Audit Report – MS-AR-15-001 – 01/29/2015
In fiscal year (FY) 2013, the U.S. Postal Service’s retail network of about 32,000 facilities handled 1.7 billion transactions, a reduction of about 5.2 percent from FY 2012. These transactions typically included the sale of stamps, shipping supplies or services, and money orders. A positive customer experience during retail counter transactions enhances the Postal Service’s brand and increases loyalty and revenue.
Over the course of FYs 2012–2013, the Postal Service had an 8.9 percent increase in negative customer feedback regarding retail counter experiences. The Postal Service uses several tools to measure and improve overall customer satisfaction, including observations by retail managers, mystery shoppers, and customer surveys.
Our objective was to evaluate customer service at retail counters. During our review, we identified issues related to customer surveys, which we communicated to management in a separate management alert.
What the OIG Found
Between FYs 2012 and 2013, an increasing number of customers expressed dissatisfaction with the service they receive at retail facilities. While the Postal Service’s goal is 90 percent customer satisfaction, in FY 2013 more than 20 percent of customers who responded to surveys stated the had been treated “worse than other retailers” at Postal Service retail counters.
Dissatisfied customers exist, in part, because procedures for improving customer service are not functioning as intended. Although management communicates with sales associates periodically via service briefings known as “stand-up” talks and provides video instructions, there is a lack of continual, formal customer service training. Further, sales associates are selected based on seniority rules, rather than suitability for the position, as suggested by best practices. In addition, the Postal Service does not have a mandatory process to ensure managers regularly observe sales associates and provide feedback. Regular observation would help sales associates recognize where they need to improve their performance.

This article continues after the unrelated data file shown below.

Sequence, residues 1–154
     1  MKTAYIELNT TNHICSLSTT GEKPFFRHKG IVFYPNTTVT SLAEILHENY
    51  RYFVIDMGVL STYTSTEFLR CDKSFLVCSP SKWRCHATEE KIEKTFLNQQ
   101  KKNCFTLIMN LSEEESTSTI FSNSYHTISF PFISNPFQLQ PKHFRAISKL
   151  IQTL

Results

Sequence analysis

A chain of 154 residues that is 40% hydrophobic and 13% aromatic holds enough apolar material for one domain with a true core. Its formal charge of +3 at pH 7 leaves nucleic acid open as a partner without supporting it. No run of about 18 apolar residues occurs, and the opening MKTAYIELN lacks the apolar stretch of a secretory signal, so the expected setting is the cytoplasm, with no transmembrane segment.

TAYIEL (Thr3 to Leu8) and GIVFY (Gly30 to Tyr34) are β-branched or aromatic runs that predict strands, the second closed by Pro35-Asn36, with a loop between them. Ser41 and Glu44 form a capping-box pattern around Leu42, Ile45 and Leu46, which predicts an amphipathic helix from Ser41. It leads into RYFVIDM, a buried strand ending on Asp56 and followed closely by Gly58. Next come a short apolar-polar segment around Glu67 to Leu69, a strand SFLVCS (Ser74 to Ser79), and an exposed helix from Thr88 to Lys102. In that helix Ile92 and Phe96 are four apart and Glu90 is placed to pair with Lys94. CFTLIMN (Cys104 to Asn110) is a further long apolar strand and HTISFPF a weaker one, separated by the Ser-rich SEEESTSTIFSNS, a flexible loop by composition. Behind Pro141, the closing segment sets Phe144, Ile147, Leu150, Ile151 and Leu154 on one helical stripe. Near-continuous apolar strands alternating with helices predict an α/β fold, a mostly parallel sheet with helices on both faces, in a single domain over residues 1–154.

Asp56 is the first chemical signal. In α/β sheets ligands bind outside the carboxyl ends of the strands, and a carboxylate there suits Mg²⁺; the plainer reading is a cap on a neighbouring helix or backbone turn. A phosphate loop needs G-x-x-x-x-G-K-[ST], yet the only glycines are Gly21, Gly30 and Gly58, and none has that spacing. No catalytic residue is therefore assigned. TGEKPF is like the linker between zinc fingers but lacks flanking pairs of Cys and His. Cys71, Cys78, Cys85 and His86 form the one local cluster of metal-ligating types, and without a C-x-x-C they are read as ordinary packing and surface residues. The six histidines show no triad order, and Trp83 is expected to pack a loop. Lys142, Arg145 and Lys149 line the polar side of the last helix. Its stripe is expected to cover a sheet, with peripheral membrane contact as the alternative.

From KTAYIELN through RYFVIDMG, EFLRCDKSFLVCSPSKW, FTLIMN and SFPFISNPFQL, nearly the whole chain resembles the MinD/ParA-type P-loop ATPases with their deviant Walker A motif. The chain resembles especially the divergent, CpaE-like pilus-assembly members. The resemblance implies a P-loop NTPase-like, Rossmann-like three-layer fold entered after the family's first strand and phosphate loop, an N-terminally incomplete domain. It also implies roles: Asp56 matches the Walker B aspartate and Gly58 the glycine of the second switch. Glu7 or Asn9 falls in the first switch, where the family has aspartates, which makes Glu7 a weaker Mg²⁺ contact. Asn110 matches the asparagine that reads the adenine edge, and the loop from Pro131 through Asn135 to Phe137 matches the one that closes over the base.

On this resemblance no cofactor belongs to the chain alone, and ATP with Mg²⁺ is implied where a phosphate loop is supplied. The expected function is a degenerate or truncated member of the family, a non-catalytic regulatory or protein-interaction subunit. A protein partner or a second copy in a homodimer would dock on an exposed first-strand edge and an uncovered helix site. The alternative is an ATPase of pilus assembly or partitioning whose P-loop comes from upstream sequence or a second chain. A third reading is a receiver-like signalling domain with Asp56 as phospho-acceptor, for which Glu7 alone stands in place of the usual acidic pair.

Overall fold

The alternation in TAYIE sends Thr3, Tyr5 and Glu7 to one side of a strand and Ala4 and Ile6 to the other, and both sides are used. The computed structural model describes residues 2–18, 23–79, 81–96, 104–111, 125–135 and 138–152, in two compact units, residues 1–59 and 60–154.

Retail Operations managers use several tools to measure and improve customer service at the retail counter. However, they do not consistently conduct observations of their sales associates. Additionally, supervisors have not made decisions based on Point of Service (POS) survey results, primarily due to the lack of communication of these results.
We estimated the Postal Service risks losing $288.5 million in FY 2015 due to less than satisfactory treatment of customers during retail transactions.
What the OIG Recommended
We recommended the Postal Service provide continual formal customer service refresher training to sales associates to improve customer service; create a mandatory process for observing, tracking, and providing feedback on performance; and develop a plan to leverage POS customer survey results to improve customer service at retail counters.